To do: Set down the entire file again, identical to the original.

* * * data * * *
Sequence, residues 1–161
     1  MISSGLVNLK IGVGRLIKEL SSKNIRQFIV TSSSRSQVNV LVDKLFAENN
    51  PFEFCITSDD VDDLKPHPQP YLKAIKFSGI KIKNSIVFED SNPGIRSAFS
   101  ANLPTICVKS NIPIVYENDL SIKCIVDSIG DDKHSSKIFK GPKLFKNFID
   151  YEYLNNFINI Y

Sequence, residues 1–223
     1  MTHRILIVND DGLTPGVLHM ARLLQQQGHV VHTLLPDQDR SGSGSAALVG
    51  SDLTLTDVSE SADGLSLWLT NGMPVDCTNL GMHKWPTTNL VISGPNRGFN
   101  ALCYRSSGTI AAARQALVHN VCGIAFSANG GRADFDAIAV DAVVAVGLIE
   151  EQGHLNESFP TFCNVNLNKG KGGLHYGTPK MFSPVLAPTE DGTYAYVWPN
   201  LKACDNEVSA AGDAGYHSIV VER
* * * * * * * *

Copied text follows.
Sequence, residues 1–161
     1  MISSGLVNLK IGVGRLIKEL SSKNIRQFIV TSSSRSQVNV LVDKLFAENN
    51  PFEFCITSDD VDDLKPHPQP YLKAIKFSGI KIKNSIVFED SNPGIRSAFS
   101  ANLPTICVKS NIPIVYENDL SIKCIVDSIG DDKHSSKIFK GPKLFKNFID
   151  YEYLNNFINI Y

Sequence, residues 1–223
     1  MTHRILIVND DGLTPGVLHM ARLLQQQGHV VHTLLPDQDR SGSGSAALVG
    51  SDLTLTDVSE SADGLSLWLT NGMPVDCTNL GMHKWPTTNL VISGPNRGFN
   101  ALCYRSSGTI AAARQALVHN VCGIAFSANG GRADFDAIAV DAVVAVGLIE
   151  EQGHLNESFP TFCNVNLNKG KGGLHYGTPK MFSPVLAPTE DGTYAYVWPN
   201  LKACDNEVSA AGDAGYHSIV VER